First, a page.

BOG (Beverage On the Ground) Antennas

Jim Glover WB5UDE
Note: My plan is to make this page a living, breathing document, which grows and changes as I learn more about BOG's. My initial focus will be MW BCB ("AM broadcast") because there are lots of stations, from lots of different directions, which can be located if they can be identified, all up and down the band. As I learn more, I'll shift my focus to SWL and/or amateur radio communications.

What is a BOG anyway? A BOG (Beverage On the Ground) is a variation of the more familiar multi-wavelength, low Beverage. The Beverage is typically deployed at a height of from just a few feet up, to about 10 feet up or so. It is deployed in a long, straight line, so they're for people who have some real estate to devote to them. A Beverage of at least several wavelengths will be directional toward the end of the wire. If the far end is grounded (through a resistor) then it will be directional in only that one direction. Otherwise, it will be bi-directional, toward both ends of the wire. A BOG is a variation of the Beverage, one where the (insulated) wire is laid out directly on the ground, usually about 500 - 1000 feet long. I have been able to find only scant information about BOG antennas, and would appreciate more information if anyone has some pointers.

Some links to BOGs on the web:

AMANDX Presents Beverage Antennas
Easy Beverage Antennas

The nuts and bolts: For MW BCB monitoring, I use my HF transceiver with general coverage receiver, and a 500' spool of stranded 14 gauge green ground wire purchased (for $25) from Lowe's. I have simply stripped the insulation from about an inch of one end of the wire, and folded the stripped section in half. I insert the fold into the center conductor hole in the SO-239. I put a wooden dowel through the middle of the spool, with a paper sack between the spool and my hand to insulate me from the friction, and begin walking. To my surprise, this wire is not too stiff to manage. It wants to coil back up for about 10 or 15 feet at the end, but I solved that problem by folding a few inches of the wire over, and pushing it into the grass. When I'm done, I use a little handle I made on the side of the spool (this is where the aforementioned nut and bolt come into play) and slip a 5 or 6 inch piece of 1/2" PVC over the bolt to make a bigger handle. Then, I start cranking. It isn't so hard to wind it back up. This actually works pretty well.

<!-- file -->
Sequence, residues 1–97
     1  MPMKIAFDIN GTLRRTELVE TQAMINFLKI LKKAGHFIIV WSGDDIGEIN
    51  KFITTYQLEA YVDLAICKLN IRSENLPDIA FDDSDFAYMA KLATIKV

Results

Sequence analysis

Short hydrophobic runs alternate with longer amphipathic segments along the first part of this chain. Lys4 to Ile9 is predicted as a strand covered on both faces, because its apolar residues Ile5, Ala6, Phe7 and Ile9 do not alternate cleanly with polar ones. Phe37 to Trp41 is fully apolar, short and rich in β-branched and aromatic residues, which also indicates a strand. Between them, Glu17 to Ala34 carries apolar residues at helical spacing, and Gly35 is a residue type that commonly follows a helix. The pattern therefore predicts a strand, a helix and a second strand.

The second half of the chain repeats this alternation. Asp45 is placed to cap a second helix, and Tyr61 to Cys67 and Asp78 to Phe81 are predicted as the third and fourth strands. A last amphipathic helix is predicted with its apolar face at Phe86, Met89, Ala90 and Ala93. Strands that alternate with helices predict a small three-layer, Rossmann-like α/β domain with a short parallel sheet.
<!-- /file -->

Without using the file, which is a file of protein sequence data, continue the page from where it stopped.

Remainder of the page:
Picking a site: I tune in a weak AM radio station--one that gets clobbered any time I get near half the noisy powerlines in Oklahoma City--and drive around to some places I'm considering as possible sites for trying this out. I need a place where I can park the car, and from there, stretch my wire out 500 feet. I've found it helpful to reset the car's trip odometer (so it will be at exactly 0 miles) and drive until it shows exactly 0.1 miles (528 feet) to determine whether I have enough space to roll out my BOG. If I can drive alongside the place where I'm thinking about rolling out the BOG, and not hear any undue noise in the AM radio tuned to the weak station, I figure I have a good spot.

Here are some of my ideas and opinions about BOG's, and experiences with them so far:

BOG Experiments

Here are links to details about BOG experiments I've performed:
Saturday, September 26, 2009
_Saturday, October 3, 2009

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